Rep. Nick Hoheisel said an amendment bringing Kansas toward 92% funding of special education would help mitigate many issues that special education programs, like the one attended by his daughter, who has autism, face on a daily basis. (Sherman Smith/Kansas Reflector)
TOPEKA — Kansas representatives went back and forth on an amendment Tuesday, ultimately rejecting an opportunity to fund state special education at the long-desired 92% mark.
Public schools in Kansas cover the costs of special education out of their operational budgets and apply for reimbursement from the amount the Legislature appropriates for that year. State law provides that Kansas should pay 92% of excess costs of special education, but there is no enforcement mechanism or penalty should the Legislature do otherwise.
In recent years, per the Gannon school finance plan, the legislature has added $7.5 million each year, bringing the proposal for 2022 to $520,380,818 or about 70%. While funding has increased each year, special education advocates argue that costs have also increased.
Rep. Jarrod Ousley, D-Merriam, proposed adding $68 million in funding, part of a plan to bring the funding to 92%, which the body approved narrowly, 58 to 54. Rep Nick Hoheisel, a Wichita Republican who has a daughter with autism, said the state needs to do better by Kansas students in special education programs.
“I see every day the issues that our special education and IDD community face within the schools,” Hoheisel said. “I’m all for increasing education spending, but every year I feel like we haven’t done enough for our special education community.”
But minutes later, Republican representatives brought a motion to reconsider.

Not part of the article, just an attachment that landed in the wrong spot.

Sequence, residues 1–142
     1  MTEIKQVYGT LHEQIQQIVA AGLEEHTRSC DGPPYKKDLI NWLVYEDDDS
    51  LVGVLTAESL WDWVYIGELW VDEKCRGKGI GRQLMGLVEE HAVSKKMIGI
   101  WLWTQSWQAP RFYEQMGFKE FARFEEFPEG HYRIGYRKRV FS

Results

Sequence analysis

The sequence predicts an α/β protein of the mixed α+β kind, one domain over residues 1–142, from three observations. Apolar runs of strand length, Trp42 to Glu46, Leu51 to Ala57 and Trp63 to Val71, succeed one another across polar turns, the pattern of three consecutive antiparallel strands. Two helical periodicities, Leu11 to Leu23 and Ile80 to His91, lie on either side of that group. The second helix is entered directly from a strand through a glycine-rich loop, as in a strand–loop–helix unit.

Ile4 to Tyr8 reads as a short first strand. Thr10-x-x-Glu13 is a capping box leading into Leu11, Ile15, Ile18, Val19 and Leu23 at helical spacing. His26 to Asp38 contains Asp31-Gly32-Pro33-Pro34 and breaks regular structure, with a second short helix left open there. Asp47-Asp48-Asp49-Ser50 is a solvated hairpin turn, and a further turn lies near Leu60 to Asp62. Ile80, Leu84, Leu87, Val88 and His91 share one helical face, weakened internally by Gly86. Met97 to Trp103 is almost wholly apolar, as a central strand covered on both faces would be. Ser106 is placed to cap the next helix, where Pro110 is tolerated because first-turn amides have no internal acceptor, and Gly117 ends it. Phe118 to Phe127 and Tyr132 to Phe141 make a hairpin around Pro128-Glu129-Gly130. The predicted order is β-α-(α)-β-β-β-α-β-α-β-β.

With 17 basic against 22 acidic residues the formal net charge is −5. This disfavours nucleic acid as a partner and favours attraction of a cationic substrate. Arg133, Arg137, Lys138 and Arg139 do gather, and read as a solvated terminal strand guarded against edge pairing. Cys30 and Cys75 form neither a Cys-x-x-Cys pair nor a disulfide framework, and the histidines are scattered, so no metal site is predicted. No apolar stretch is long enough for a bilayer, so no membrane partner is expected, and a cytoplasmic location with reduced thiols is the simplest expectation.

“School districts have seen increases over the past several years and still have more increases to come,” said Speaker Pro Tem Blaine Finch. “There is no prohibition against using any of that additional money … for special ed programs.”
Ousley urged legislators to maintain the amendment to a larger bill that combines the state’s education budget and several policy issues. He said the state was unfairly leaving public schools with another unfunded mandate and was quickly headed toward a 65% funding rate in the coming years if it did nothing.
However, after prodding by Finch, an Ottawa Republican, representatives rejected the amendment 50 to 70.
“If you guys don’t want to follow that 92% statute, somebody could bring a bill to amend or repeal that, and we can quit ignoring it every year,” Ousley said. “Otherwise, we’re doing our districts a disservice by continuing to require the need without the funding.”
The House eventually gave the bill approval 76 to 46. The bill appears to lack sufficient support to override a veto should Gov. Laura Kelly choose to do so.
The bill primarily fully funds the governor’s budget proposal to implement the Gannon school finance plan, but it contains several more controversial provisions.
Included is a requirement that Department of Education establish a fee fund to be paid into by districts for a $4 million contract. School districts with at least half of students grades 7 through 12 in the bottom half of state assessments would be required to implement a virtual learning program. A no-bid contract was originally awarded to the Florida-based company Math Nation, but an amendment removed the requirement to allow other vendors to compete in the bidding process.
However, legislators supporting the amendment could not say for certain if there were other vendors besides Math Nation that could meet the requirements of the bill.
“There was discussion about a program called Excel and another one called Khan Academy,” said Rep. Stephen Owens, R-Hesston. “However, math nation was very specific in what it could accomplish.”
Rep. Valdenia Winn, a Kansas City Democrat, did not buy that the amendment would change anything. She also took issue with an amendment in which schools are only charged a fee for students who aren’t proficient. Proponents of the change said this would incentivize better performance, but Winn said this would only penalize schools that need the money most.
“There’s some built-in inequity,” Winn said. “If you have students who are proficient, those districts can use the program without paying for it, while the poor, underperforming districts who need it must pay for it.”
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